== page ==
Larry Summers is convinced Washington won’t flirt with default again in a few months

Larry Summers has more faith in the Republican party  than we do.
Larry Summers has more faith in the Republican party than we do.
Image: Reuters/Chris Usher
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Call it naive, or the perfect demonstration of his abrasive personality, but Larry Summers, former Treasury secretary and, until recently, Fed chairman favorite, was in a pretty confident mood earlier this afternoon (Oct. 24).

“The United States received a reprieve from the grotesque. We did not default. Much better than the alternative. But make no mistake,  [that is] no kind of important achievement,” he told an audience of advisors to the super-rich at a UBS Americas wealth management conference in New York.

Summers, however, was emphatic that, contrary to what a lot of people expect, the bitter political divide in Washington won’t send America to the brink of default again when the current debt ceiling is reached again, expected to be early next year.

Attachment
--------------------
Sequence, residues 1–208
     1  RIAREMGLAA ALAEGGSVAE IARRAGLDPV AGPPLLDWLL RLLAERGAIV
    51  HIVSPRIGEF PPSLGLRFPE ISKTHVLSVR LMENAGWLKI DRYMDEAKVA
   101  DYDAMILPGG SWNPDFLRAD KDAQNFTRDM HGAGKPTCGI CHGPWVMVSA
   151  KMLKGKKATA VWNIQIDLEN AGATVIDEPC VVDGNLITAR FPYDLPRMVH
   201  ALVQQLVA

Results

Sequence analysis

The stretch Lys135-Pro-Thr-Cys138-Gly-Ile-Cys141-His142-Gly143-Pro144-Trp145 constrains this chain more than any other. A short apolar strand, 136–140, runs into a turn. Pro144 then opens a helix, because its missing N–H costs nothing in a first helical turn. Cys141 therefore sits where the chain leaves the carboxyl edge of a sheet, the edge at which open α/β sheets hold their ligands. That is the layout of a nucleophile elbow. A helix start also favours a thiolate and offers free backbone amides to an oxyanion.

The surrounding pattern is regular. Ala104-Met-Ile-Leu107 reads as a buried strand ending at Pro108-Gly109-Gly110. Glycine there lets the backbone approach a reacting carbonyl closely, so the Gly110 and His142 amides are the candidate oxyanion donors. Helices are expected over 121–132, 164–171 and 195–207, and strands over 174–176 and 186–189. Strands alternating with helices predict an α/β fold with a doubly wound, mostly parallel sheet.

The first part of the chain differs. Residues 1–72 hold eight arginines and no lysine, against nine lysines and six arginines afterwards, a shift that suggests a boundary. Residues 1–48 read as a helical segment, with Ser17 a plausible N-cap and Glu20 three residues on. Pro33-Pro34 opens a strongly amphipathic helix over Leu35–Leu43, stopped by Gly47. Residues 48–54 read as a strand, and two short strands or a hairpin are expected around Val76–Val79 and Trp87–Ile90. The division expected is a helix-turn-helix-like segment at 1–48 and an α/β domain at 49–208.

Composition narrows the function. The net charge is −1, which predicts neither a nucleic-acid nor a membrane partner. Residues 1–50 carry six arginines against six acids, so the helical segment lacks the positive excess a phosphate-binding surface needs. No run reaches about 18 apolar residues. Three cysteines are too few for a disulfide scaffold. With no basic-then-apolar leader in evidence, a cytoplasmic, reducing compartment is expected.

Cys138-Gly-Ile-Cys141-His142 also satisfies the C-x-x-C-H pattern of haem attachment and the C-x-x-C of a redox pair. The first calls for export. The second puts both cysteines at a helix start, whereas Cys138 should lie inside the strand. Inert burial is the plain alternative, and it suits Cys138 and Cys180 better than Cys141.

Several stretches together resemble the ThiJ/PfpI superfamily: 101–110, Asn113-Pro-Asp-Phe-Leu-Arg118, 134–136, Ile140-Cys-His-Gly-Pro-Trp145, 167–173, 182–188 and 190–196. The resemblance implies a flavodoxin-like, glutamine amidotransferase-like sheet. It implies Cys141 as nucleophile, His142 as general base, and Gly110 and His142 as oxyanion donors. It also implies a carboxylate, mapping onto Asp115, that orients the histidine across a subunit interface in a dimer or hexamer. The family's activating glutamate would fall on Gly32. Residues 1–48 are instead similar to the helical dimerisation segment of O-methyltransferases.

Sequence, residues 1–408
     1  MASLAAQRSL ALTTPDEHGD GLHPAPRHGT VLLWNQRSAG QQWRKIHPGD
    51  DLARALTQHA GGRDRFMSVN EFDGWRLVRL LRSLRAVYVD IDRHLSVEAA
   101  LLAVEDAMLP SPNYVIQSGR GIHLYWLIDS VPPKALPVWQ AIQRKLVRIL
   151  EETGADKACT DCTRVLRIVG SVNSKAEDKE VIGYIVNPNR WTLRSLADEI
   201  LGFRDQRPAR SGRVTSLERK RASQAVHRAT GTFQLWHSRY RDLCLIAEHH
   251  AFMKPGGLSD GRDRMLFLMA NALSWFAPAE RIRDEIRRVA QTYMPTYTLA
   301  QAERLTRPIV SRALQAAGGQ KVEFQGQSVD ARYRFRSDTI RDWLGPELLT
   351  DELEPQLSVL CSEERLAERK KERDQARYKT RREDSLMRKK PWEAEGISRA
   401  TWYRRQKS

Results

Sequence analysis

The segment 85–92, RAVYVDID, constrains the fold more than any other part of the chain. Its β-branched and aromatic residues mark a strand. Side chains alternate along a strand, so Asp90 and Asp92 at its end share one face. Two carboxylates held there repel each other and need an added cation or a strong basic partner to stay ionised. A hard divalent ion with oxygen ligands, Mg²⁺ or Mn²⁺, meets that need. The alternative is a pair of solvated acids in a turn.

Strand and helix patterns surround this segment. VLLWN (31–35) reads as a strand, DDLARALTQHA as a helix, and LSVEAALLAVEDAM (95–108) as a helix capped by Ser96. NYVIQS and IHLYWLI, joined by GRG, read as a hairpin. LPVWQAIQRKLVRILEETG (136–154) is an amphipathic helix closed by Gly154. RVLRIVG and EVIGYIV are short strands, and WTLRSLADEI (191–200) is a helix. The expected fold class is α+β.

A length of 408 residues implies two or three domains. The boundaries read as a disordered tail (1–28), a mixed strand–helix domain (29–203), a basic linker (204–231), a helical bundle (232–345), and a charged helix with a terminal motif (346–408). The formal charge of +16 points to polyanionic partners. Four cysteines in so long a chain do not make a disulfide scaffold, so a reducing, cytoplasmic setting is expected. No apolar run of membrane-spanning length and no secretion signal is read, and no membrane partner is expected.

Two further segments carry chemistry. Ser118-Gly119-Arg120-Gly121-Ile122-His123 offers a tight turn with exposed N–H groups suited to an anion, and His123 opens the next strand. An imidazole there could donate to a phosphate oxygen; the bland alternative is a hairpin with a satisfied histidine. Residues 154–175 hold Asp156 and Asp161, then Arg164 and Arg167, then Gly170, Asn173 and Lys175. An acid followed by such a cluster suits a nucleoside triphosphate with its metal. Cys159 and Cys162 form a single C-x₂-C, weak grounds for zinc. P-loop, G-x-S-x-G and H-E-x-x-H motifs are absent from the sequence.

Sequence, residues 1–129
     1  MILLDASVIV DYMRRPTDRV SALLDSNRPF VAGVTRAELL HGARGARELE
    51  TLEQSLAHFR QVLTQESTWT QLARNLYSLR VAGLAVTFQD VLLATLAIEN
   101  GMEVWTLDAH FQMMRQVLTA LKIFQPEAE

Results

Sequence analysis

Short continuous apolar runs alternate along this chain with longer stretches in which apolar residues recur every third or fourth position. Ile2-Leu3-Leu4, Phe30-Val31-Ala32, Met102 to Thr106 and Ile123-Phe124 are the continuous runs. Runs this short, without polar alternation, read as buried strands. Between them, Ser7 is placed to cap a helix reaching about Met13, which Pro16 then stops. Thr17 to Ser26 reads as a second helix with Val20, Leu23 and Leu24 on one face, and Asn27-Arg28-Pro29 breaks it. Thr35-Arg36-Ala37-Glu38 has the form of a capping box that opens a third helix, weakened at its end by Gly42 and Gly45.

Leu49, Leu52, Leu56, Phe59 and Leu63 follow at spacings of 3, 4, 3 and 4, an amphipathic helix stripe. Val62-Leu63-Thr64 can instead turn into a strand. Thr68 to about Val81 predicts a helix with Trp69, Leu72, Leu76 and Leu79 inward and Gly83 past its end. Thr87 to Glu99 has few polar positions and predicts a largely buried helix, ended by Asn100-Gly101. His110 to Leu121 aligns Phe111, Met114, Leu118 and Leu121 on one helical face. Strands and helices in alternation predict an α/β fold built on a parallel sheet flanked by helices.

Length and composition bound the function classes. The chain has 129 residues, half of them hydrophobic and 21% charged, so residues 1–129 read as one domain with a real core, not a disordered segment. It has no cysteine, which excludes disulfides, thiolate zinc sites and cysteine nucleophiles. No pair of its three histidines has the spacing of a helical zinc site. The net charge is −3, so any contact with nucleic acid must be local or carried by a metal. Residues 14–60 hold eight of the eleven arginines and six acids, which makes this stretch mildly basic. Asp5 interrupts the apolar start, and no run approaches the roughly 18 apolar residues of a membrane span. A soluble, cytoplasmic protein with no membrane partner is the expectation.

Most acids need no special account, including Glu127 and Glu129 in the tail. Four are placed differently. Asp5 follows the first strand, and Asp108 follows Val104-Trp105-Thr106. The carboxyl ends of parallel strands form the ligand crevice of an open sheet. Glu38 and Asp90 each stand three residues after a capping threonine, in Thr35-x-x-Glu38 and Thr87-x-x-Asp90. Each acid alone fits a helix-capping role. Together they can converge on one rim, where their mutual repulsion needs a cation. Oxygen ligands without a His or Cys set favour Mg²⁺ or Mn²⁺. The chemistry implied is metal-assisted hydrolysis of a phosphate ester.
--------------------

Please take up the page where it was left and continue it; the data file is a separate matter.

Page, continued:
“The good news is that even the most foolish of people, having shot themselves in the foot, rarely reload. And therefore I think it is very unlikely, exceptionally unlikely, that we will see another government shutdown or another march to the brink of default of this nature,” he said.

“In part,  the fact that the [congressional midterm] election is drawing near, and those who push us towards the brink of default do not seem to have been rewarded politically, will act as a discouragement.”

In a generally upbeat speech about the state of the American economy, Summers even said the  ”manifest self-inflicted wound doesn’t seem to have been so large on the agenda going forward”, in contrast to concerns that the recent debt impasse could have significantly dented economic growth in the fourth quarter.

Chastened Republicans belonging to the more moderate wing of the party have already said things that appear to support Summers’ sanguine outlook about the risk of another standoff. But don’t celebrate too soon. With Republican senator Ted Cruz returning to Texas a hero for his pointless but attention-grabbing filibuster of the spending bill, and a civil war brewing inside the Republican party, we’re inclined to think the debate over debt and associated political tactics has some way to run yet.